EP0454645A1 (en) * 1990-04-23 1991-10-30 Medevelop Ab Artificial joint mechanism
US5219283A (en) * 1989-09-28 1993-06-15 Ormco Corporation Orthodontic bracket, method of making an orthodontic bracket, and method of applying an orthodontic bracket to the tooth
US5269682A (en) * 1993-01-22 1993-12-14 Tp Orthodontics, Inc. Method for identifying and removing orthodontic bonding adhesive
US5318440A (en) * 1992-06-24 1994-06-07 Minnesota Mining And Manufacturing Company Fiber reinforced orthodontic appliance and method of manufacture
US5529491A (en) * 1994-09-23 1996-06-25 Minnesota Mining And Manufacturing Company Aesthetic orthodontic band and welded attachment assembly
US20030175218A1 (en) * 2001-12-18 2003-09-18 Kanca John A. Device for dental applications
WO2009011868A1 (en) * 2007-07-17 2009-01-22 Besson Frank R Tooth preparation solution and method
US20170189140A9 (en) * 2008-10-08 2017-07-06 Align Technology, Inc. Dental positioning appliance having metallic portion

Citations (3)

* Cited by examiner, † Cited by third party
Publication number Priority date Publication date Assignee Title
US3250003A (en) * 1960-12-08 1966-05-10 Michael B Collito Orthodontic method
US3745653A (en) * 1971-12-06 1973-07-17 M Cohl Method of orthodontia
US3797115A (en) * 1972-06-07 1974-03-19 E Silverman Orthodontic element

Patent Citations (3)

* Cited by examiner, † Cited by third party
Publication number Priority date Publication date Assignee Title
US3250003A (en) * 1960-12-08 1966-05-10 Michael B Collito Orthodontic method
US3745653A (en) * 1971-12-06 1973-07-17 M Cohl Method of orthodontia
US3797115A (en) * 1972-06-07 1974-03-19 E Silverman Orthodontic element

Cited By (23)

* Cited by examiner, † Cited by third party
Publication number Priority date Publication date Assignee Title
FR2361863A1 (en) * 1976-08-16 1978-03-17 Pennwalt Corp Kit and method for restoring a tooth structure
US4155164A (en) * 1977-01-21 1979-05-22 White Velton C Apparatus for applying dental brace brackets
US4200980A (en) * 1978-03-06 1980-05-06 Advance Dental Corporation Orthodontic formulation and method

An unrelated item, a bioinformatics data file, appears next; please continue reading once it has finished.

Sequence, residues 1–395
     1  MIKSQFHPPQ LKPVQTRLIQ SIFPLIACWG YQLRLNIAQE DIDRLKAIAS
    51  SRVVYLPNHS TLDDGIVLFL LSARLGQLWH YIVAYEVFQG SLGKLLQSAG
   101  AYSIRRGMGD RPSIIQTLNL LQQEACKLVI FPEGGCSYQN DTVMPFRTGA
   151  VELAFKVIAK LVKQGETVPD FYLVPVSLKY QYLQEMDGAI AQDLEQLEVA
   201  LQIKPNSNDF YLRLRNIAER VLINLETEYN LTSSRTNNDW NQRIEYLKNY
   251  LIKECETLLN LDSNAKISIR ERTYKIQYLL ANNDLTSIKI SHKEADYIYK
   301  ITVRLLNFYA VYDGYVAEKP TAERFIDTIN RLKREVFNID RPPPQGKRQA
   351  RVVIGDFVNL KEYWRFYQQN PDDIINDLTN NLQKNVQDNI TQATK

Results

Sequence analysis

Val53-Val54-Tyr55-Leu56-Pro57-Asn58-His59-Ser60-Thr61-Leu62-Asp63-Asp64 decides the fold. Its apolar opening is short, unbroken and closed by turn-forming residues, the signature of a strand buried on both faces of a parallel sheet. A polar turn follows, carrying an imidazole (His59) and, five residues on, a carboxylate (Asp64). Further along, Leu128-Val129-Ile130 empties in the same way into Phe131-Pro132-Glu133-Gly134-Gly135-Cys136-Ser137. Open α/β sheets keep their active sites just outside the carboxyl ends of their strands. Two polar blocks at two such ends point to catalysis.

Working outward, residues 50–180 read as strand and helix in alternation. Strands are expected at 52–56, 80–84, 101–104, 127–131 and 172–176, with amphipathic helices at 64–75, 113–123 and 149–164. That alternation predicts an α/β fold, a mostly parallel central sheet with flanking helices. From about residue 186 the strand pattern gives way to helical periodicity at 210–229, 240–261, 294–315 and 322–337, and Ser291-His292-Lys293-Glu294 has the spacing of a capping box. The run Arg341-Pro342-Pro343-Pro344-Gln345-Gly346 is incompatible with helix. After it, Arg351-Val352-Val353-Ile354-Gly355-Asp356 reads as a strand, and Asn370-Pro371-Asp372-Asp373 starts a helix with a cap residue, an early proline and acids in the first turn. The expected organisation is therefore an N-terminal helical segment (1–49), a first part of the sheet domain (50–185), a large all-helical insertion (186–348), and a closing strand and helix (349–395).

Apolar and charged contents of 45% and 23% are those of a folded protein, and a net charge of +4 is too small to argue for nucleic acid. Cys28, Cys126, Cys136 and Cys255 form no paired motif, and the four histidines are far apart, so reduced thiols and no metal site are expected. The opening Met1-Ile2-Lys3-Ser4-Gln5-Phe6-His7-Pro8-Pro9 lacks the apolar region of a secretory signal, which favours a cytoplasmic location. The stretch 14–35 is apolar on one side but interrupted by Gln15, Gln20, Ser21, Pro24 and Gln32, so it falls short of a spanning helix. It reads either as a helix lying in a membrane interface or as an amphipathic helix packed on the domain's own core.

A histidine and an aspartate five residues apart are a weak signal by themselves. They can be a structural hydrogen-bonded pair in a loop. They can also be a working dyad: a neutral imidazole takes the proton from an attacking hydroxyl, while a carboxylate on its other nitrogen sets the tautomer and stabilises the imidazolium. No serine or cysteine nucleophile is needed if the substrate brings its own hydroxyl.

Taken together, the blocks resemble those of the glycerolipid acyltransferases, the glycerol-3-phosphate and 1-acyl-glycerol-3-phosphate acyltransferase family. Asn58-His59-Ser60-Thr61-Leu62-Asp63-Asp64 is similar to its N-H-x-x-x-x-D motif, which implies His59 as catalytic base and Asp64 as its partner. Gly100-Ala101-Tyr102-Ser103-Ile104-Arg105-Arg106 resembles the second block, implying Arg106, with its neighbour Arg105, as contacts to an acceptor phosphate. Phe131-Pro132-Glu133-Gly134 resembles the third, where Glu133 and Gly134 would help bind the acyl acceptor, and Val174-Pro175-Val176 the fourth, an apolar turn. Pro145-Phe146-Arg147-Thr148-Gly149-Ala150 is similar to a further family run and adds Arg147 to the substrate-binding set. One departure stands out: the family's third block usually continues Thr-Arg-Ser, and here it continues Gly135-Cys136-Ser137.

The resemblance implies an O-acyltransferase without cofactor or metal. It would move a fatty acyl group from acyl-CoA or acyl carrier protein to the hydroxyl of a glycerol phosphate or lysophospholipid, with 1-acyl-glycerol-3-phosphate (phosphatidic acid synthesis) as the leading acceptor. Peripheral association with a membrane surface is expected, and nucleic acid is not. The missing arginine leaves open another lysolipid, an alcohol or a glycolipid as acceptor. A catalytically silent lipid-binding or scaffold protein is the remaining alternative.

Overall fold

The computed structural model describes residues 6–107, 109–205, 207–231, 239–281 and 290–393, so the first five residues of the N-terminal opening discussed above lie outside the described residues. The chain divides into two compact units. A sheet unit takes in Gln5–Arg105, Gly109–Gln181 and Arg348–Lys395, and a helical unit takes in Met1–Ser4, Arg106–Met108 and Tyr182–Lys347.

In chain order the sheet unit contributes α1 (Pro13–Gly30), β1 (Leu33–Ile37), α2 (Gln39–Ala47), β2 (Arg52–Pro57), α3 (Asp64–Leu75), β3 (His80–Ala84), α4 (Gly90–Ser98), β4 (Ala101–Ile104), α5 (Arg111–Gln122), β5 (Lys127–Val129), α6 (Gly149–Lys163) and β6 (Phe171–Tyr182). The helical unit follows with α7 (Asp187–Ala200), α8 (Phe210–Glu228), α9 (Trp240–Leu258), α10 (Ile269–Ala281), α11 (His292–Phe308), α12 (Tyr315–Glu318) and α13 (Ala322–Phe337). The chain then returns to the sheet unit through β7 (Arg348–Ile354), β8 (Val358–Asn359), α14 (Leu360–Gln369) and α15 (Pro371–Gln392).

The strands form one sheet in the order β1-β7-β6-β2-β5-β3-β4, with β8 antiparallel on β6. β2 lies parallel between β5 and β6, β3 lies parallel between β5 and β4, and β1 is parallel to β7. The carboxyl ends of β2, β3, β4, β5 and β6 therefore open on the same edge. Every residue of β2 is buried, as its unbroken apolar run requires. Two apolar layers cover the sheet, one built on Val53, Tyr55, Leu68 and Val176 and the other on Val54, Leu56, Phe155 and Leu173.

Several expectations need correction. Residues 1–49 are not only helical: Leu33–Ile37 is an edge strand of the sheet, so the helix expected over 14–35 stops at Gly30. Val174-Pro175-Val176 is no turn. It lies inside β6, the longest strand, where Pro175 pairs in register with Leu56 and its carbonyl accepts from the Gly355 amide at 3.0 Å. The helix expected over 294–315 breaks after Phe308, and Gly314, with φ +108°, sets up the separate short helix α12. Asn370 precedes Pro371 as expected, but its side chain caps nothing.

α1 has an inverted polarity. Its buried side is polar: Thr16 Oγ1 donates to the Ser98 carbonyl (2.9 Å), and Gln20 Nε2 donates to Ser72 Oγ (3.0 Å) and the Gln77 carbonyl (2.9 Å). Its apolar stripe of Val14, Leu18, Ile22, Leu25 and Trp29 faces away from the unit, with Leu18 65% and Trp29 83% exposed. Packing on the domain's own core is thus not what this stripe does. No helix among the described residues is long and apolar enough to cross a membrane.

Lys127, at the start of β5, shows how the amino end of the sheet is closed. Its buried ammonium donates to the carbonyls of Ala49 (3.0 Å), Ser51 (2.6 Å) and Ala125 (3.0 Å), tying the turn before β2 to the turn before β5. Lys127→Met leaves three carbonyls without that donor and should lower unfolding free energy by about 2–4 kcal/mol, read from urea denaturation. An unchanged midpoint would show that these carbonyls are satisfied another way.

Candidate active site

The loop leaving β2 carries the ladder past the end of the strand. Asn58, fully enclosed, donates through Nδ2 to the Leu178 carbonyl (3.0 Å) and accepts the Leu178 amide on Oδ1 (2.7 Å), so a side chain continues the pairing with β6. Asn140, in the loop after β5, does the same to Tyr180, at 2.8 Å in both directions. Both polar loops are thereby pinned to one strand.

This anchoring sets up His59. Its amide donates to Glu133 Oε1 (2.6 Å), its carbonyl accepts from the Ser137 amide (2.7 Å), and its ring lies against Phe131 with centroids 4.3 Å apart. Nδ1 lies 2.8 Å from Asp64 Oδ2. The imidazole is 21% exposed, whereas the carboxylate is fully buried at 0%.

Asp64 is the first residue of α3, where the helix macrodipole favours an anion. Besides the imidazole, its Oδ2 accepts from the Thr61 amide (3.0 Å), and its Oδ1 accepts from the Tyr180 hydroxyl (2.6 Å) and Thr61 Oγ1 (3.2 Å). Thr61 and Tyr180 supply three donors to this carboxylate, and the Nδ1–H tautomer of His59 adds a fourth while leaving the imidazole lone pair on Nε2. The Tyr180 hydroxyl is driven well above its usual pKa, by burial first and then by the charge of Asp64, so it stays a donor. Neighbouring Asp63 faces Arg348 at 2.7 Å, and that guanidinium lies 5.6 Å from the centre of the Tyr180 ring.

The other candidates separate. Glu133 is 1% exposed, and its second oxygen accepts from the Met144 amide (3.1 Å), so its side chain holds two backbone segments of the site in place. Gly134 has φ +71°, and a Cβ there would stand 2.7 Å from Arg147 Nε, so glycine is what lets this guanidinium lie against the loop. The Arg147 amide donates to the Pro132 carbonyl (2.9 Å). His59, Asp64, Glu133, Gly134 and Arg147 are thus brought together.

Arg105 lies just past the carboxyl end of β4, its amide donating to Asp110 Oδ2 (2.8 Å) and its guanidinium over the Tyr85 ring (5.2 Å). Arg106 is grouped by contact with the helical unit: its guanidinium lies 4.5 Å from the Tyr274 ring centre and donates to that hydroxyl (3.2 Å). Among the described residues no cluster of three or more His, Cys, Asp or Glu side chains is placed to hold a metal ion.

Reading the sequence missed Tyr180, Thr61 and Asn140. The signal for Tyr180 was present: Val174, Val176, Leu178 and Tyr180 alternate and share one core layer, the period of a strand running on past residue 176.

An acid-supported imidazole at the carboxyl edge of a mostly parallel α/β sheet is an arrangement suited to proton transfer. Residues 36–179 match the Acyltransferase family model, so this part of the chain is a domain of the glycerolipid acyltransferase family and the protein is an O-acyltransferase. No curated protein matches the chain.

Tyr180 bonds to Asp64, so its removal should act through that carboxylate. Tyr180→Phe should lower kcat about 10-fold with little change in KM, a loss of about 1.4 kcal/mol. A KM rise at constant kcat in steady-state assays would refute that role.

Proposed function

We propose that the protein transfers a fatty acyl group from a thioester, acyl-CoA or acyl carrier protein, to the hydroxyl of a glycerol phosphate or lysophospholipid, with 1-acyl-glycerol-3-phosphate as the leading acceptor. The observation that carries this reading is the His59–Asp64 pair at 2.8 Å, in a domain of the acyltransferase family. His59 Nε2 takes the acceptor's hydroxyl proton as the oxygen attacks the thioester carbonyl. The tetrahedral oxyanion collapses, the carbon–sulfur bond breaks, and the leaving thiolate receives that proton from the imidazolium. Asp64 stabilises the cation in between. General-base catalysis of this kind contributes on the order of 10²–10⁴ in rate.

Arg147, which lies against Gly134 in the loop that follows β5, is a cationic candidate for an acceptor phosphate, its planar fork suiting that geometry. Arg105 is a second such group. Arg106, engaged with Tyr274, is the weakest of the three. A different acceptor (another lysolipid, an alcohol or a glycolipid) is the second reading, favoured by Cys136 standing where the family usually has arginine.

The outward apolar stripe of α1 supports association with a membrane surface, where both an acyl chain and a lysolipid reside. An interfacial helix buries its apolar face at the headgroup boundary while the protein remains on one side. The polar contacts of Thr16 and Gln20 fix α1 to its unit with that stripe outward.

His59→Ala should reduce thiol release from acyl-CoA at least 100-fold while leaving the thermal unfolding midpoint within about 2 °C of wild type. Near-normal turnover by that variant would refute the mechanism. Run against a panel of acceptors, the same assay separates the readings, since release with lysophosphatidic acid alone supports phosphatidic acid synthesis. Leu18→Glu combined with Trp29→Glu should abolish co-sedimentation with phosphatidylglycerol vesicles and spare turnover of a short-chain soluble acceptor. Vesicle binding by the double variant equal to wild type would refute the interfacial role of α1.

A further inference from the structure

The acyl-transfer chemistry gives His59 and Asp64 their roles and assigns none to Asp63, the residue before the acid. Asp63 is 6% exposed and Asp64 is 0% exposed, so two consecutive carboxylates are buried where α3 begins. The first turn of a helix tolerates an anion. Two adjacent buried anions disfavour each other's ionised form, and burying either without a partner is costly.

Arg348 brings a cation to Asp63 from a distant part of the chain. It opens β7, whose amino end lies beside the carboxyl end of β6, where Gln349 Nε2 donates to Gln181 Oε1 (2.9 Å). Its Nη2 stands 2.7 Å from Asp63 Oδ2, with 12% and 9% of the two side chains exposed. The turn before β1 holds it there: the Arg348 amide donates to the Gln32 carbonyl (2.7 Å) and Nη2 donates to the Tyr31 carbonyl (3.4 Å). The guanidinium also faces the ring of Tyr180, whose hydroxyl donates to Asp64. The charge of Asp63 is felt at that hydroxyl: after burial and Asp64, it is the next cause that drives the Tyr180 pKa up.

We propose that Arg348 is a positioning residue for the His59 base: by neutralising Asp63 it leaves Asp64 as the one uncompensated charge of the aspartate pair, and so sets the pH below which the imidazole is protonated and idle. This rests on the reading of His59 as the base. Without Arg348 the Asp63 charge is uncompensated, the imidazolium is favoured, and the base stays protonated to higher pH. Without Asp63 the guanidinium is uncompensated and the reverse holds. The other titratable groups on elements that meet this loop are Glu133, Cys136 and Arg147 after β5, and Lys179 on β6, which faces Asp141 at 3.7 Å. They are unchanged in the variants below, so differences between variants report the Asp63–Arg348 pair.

US4363624A (en) * 1978-03-06 1982-12-14 Advance Dental Corporation Method of affixing a dental appliance
US4661068A (en) * 1985-03-11 1987-04-28 Harrison John W Partial denture attachment appliance
US4744758A (en) * 1985-03-11 1988-05-17 Harrison John W Partial denture attachment appliance
US5219283A (en) * 1989-09-28 1993-06-15 Ormco Corporation Orthodontic bracket, method of making an orthodontic bracket, and method of applying an orthodontic bracket to the tooth
WO1991007161A2 (en) * 1989-11-13 1991-05-30 Nicholson James A Acid etch for bonding ceramic orthodontic brackets
WO1991007161A3 (en) * 1989-11-13 1991-06-27 James A Nicholson Acid etch for bonding ceramic orthodontic brackets
EP0454645A1 (en) * 1990-04-23 1991-10-30 Medevelop Ab Artificial joint mechanism
US5445770A (en) * 1992-06-24 1995-08-29 Minnesota Mining And Manufacturing Company Method of manufacturing orthodontic appliance having reinforcing fiber preform
US5318440A (en) * 1992-06-24 1994-06-07 Minnesota Mining And Manufacturing Company Fiber reinforced orthodontic appliance and method of manufacture
US5269682A (en) * 1993-01-22 1993-12-14 Tp Orthodontics, Inc. Method for identifying and removing orthodontic bonding adhesive
US5529491A (en) * 1994-09-23 1996-06-25 Minnesota Mining And Manufacturing Company Aesthetic orthodontic band and welded attachment assembly
US5753884A (en) * 1994-09-23 1998-05-19 Minnesota Mining & Manufacturing Co. Aesthetic orthodontic band and attachment assembly
US20030175218A1 (en) * 2001-12-18 2003-09-18 Kanca John A. Device for dental applications
US20070021527A1 (en) * 2001-12-18 2007-01-25 John A. Kanca, Iii. Device for dental applications
WO2009011868A1 (en) * 2007-07-17 2009-01-22 Besson Frank R Tooth preparation solution and method
US20090023114A1 (en) * 2007-07-17 2009-01-22 Besson Frank R Tooth preparation solution and method
US20110226158A1 (en) * 2007-07-17 2011-09-22 Besson Frank R Tooth preparation solution and method
US8033829B2 (en) * 2007-07-17 2011-10-11 Besson Frank R Tooth preparation solution and method
US20170189140A9 (en) * 2008-10-08 2017-07-06 Align Technology, Inc. Dental positioning appliance having metallic portion
US9820829B2 (en) * 2008-10-08 2017-11-21 Align Technology, Inc. Dental positioning appliance having metallic portion